To me books are like friends - good close friends who sometimes make you laugh (anything by David Sedaris), sometimes make you cry ('What they Wanted' by Donna Morrisey...warning, you'll need plenty of tissues when reading this one), sometimes really piss you off (I was so annoyed at the ending for 'My Sister's Keeper' and as I kid couldn't finish a book if someone was being 'double-crossed'. Speaking of sister's, my own was so annoyed at the circumstances in 'Careless in Red' by Elizabeth George that she put the book down and refused to finish it or even talk about it).

Books are powerful things. The ability to write a phrase that stays with you long after reading it, the ability to create characters that come alive in the reading and stay alive when you've finished is a rare art form. I often go back to Rohinton Mistry's 'Family Matters' for the quote ... "A letter is like perfume. You don't apply a whole bottle. Just one dab will fill your senses. Words are the same - a few are sufficient."

As I added to the list on Goodreads I remembered some of my other favorites as well. 'Can you Hear the Nightbird Call' by Anita Rau Badami. 'Bishop's Road' by Catherine Safer. 'Walking after Midnight' by Kay Hutchison. And many more.

I also remembered where I was - or at least what I was going through - when I read some of them. I read 'Beyond Crazy' and 'The Last Taboo', both by Scott Simmie and Julia Nunes, when I was going through a particularly bad patch. Any and all of my books on Celtic spirituality or the Orthodox church remind me of when I was mad for learning as much as possible about those two subjects - subjects which are still close to my heart.

I still have the very first book I ever owned as a child, my first 'grown-up' book anyway. It's called 'The Five Circles' by Barbara May and I can clearly recall how proud and thrilled I was to have a book to call my own. That's partly why I'm so partial to a charity called The Children's Book Bank ( located on Berkley Street in Toronto, Ontario. The Children's Book Bank collects books and GIVES them to children. It's a phenomenal idea and to anyone who loves reading and realizes the power of a book for a child visit this website and donate, donate, donate.

I also remember feeling so stupid the first time I opened 'The Art of the Icon: A Theology of Beauty' by Paul Evdokimov. It was in the very early days when I found myself enthralled with icons and iconography and wanted to learn as much as I could about them. And, instead of starting with something basic, like 'Sacred Doorways', I chose Evdokimov's book. It begins .... ' "Beauty is the splendor of truth." So said Plato in an affirmation that the genius of the Greek language completed by a coining a single term, kalokagathia." ' HUH????? Honestly, I don't think I've ever felt so stupid as when I started reading 'The Art of the Icon' (well, maybe with the exception of the first class I took at Trinity College as a VERY mature student but more on that another time) . But I got through it and think of it often and, remembering how stupid I felt then and realizing that I 'get it' now is a special feeling as well.

I've begun to give books as gifts as much as possible. A few years ago I gave 'I never saw another butterfly ...' to all my fellow acolytes at church. I gave both my sons 'Where the Sidewalk Ends' by Shel Silverstein this Christmas. When they were little boys the three of us used to read the poem's in that, and all of Silverstein's books, over and over. It turned out to be one of their favorite books. I gave 'Bel Canto' by Ann Patchett to two of my best friends for Christmas as well, one of whom loved it, the other - well, I've not heard what they thought of it yet so ... who knows. After all, just because I love a book doesn't mean that others will.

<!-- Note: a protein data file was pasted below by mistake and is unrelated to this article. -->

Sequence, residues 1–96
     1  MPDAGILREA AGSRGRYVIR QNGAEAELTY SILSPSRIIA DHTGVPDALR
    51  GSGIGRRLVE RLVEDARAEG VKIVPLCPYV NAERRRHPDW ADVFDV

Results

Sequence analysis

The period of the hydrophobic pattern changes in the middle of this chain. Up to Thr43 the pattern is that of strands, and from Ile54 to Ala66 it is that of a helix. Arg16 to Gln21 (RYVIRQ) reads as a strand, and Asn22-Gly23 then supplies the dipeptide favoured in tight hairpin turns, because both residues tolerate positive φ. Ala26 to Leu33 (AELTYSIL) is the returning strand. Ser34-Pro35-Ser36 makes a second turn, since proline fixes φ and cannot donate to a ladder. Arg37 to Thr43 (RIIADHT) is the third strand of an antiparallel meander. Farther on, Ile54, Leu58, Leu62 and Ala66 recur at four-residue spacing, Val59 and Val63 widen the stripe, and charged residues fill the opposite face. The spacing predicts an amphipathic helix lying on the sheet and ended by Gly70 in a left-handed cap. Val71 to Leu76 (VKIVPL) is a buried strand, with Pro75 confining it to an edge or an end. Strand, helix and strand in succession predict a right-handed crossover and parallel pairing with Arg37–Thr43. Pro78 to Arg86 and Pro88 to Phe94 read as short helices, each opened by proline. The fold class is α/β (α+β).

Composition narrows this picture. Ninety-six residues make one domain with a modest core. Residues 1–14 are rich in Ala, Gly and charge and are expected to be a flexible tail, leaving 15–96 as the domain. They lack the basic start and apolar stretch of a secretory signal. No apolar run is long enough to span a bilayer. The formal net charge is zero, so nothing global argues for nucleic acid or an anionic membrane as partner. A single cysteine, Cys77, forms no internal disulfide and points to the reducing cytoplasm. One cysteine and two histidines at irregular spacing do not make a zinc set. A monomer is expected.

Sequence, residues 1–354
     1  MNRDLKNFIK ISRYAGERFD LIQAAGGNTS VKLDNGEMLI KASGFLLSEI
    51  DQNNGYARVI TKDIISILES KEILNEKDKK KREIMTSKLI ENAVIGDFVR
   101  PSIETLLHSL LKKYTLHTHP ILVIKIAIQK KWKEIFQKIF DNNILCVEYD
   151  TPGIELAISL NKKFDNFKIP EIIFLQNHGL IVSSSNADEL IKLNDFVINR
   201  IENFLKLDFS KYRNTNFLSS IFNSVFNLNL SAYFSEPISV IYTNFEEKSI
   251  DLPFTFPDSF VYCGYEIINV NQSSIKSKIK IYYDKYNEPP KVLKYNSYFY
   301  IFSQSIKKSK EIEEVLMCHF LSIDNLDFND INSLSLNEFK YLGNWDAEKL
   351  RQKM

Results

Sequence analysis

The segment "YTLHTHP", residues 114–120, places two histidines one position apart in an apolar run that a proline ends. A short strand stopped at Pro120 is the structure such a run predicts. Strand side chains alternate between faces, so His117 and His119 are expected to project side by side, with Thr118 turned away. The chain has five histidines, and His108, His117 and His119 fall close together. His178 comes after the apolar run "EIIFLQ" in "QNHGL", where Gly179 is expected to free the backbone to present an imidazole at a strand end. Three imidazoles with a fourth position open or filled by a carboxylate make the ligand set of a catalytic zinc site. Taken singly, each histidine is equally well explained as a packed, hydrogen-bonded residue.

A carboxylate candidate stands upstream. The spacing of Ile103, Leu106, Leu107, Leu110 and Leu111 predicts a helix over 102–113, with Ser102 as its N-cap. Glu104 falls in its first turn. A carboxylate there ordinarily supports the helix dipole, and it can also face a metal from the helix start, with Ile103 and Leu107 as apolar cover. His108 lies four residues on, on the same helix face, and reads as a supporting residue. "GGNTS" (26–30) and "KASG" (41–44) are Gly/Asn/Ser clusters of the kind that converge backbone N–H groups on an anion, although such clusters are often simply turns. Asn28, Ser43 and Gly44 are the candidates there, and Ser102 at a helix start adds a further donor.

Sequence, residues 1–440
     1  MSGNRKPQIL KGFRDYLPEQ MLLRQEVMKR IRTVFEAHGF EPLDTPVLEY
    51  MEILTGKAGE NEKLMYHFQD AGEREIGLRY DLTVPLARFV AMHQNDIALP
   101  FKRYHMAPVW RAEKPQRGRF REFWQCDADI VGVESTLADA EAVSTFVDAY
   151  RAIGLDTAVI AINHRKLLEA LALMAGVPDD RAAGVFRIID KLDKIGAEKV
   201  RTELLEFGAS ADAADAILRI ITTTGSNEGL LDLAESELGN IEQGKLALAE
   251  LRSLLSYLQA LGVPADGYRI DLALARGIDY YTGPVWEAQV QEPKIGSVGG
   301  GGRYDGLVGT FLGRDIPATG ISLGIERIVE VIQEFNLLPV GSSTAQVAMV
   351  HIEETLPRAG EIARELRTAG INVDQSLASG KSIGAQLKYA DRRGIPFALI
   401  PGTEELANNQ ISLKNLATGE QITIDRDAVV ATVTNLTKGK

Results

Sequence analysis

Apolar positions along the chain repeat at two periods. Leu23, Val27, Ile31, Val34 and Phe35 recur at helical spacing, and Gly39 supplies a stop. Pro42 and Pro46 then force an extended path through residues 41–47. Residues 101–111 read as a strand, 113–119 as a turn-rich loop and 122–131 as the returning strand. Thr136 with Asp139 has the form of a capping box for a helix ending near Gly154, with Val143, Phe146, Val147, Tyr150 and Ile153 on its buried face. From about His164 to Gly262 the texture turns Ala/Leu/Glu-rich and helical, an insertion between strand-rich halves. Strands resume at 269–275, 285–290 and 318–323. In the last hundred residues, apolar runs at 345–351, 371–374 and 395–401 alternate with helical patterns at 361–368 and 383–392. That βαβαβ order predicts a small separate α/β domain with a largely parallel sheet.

I remember recommending 'Family Matters' to my best friend ..... and hearing that they HATED it. They went to the trouble of taking it on a family vacation, sitting down on the beach to read this "great book" and HATING it! 'Too depressing' was the comment I got back. Honestly, the way they went on made me feel guilty for even suggesting it to them! Also made me a bit cautious to recommend books to anyone for a while but then I figured, even if they don't like them, reading pretty much anything is an experience worth having. And I still love it. It remains one of my all time favorites, along with 'Bel Canto'.

Now that I've realized how many books I have on my shelves that I haven't read I'm planning to take care of that. I'll keep you posted on any true gems I discover .... well, in my opinion anyway!

Sunday, February 22, 2009


John Updike's publisher received his newest collection only a few weeks before he died this January. In it was a poem titled 'Requiem' and it seems to say so much about how he sees himself. I don't know his history or background but I sense some extreme melancholia.

I guess it takes one to know one because it struck a real chord with me too. It reminded me - as a contrast - of a wonderful monument in the shape of a Celtic cross that I saw at St. Conan's Kirk in Scotland. The inscription at the base of this huge monument indicated that it had been erected in memory of Caroline Agnes Campbell by 34 of her friends. At the time I was struck by the number. Thirty four friends! For me that is a titanic number and I was, I am, quite envious of Caroline Agnes and what must have been a wonderful personality to have had 34 people work together and build a lasting monument after her untimely demise.

Sadly I tend to identify more with Updike's vision of himself than with Caroline's legacy. Who knows, perhaps Caroline might have had a similar opinion of herself. We'll never know.

John Updike's 'Requiem' .....

It came to me the other day:
Were I to die, no one would say,
'Oh, what a shame! So young, so full
Of promise - depths unplumbable!

Instead a shrug and tearless eyes
Will greet my overdue demise;
The wide response will be, I know,
'I thought he died a while ago.'
For life's a shabby subterfuge,